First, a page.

Let show now by PMI that $\displaystyle g_i(n) for some constants $k \text{ and }h$ fixed. For $i=1$ the statement is surely true (see for example well-known Chebychev’s result about $g_1(\cdot):=\pi(\cdot)$) and suppose that it is true for $i-1 \in \mathbb{N}_0$.

(Under construction)

9 October 2009

Numbers as sum of two odd primes

Filed under: Math problems — Paolo @ 01:01

This time we’ll prove that for every integer $k \in \mathbb{N}_0$ there exist infinitely many positive integer $x$ which can be written in more than $k$ ways as sum of two odd primes.

As almost proofs about prime numbers, we’ll show assuming the contrary, i.e. the sequence $\{y_i\}_{i \in \mathbb{N}_0}$ is bounded by some real constant $\ell>0$, where $y_i$ is defined as the number of ways that the number $2i$ is representable as sum of two odd primes.
Obviusly $y_i$ represents the coefficient of $x^{2i}$ in the infinite serie $p^2(x)$, where $\displaystyle p(x):=\sum_{p \in \mathbb{P} \setminus \{2\}}{x^p}$.

Assuming that $x$ is a random variable in $(0,1)$, we can say that the inequality $\displaystyle p^2(x) \le \ell \frac{x^4}{1-x^2}$ holds, where we have used the well-known identity $\displaystyle \sum_{i \in \mathbb{N}}{z^i}=(1-z)^{-1}$ for every $z \in (-1,1)$.

It follows that $\displaystyle \sum_{p \in \mathbb{P}\setminus\{2\}}{x^{p-1}} \le x\sqrt{\frac{\ell}{1-x^2}}$ holds. So it is also true that $\displaystyle \int_0^1{\sum_{p \in \mathbb{P}\setminus\{2\}}{x^{p-1}} } \le \ell^{\frac{1}{2}} \int_0^1{\frac{x}{\sqrt{1-x^2}}}$.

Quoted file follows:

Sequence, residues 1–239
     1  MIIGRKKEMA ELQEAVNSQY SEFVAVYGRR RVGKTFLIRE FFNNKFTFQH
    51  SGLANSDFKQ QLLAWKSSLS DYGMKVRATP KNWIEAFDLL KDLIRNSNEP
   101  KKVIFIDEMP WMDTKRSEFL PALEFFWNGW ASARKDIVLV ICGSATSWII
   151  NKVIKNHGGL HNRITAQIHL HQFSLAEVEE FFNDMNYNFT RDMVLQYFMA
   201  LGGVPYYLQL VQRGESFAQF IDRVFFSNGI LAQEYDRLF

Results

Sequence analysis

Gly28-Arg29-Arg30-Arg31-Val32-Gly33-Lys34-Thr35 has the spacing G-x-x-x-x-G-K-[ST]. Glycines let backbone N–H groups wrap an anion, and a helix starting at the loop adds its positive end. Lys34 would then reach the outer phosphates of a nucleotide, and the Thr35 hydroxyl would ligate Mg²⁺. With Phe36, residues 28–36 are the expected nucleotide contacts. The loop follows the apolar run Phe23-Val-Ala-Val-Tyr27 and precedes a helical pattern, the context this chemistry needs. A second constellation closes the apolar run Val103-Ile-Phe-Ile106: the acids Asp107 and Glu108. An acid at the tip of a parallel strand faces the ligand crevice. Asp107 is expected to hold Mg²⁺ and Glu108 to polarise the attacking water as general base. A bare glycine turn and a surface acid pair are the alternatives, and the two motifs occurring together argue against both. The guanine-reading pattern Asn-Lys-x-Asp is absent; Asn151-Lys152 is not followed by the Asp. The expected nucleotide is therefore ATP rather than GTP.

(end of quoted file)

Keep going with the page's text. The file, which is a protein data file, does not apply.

It means that $\displaystyle \left(\sum_{p \in \mathbb{P}\setminus\{2\}}{p^{-1}}\right)^2 \le \ell$, so it is enough to prove that the well-known serie $\displaystyle \sum_{p \in \mathbb{P}}{\frac{1}{p}}$ diverges to get a contradiction (note that we can substitute in the text of the problem the sequence of primes with a general sequence of positive integers $\{a_i\}_{i \in \mathbb{N}}$ such that $\displaystyle \sum_{i \in \mathbb{N}}{a_i^{-1}}$ diverges). (*)

We’ll use now the well-known Euler product: it states that if $f(\cdot):\mathbb{N}_0 \to \mathbb{C}$ is a multiplicative aritmetical function such that $\displaystyle \sum_{n \in \mathbb{N}}{f(n)}$ is absolutely convergent, then the identity $\displaystyle \sum_{n \in \mathbb{N}}{f(n)}=\prod_{p \in \mathbb{P}}{\sum_{i \in \mathbb{N}}{f(p^i)}}$ holds. We have $f(1)=1$ since $f(n)=f(1)f(n)$ for all $n \in \mathbb{N}_0$, and $f(\cdot)$ is not null everywhere by the definition of aritmetical function. Define $\displaystyle R:=\sum_{n \in \mathbb{N}}{f(n)}$ and $\displaystyle P(x):=\prod_{x\ge p \in \mathbb{P}}{\sum_{i \in \mathbb{N}}{f(p^i)}}$ and $\displaystyle Q(x):=\{n \in \mathbb{N}_0: \upsilon_p(n)>0 \implies x \le p \text{ for all }p \in \mathbb{P}\}$, for every real $x>0$ fixed.

It is clear that if a positive integer $y \not \in Q(x)$ then $y>x$, and it means that $\displaystyle |R-P(x)|=|\sum_{n \not \in Q(x)}{f(n)}| \le \sum_{n \not \in Q(x)}{|f(n)|} \le \sum_{n >x }{|f(n)|}$.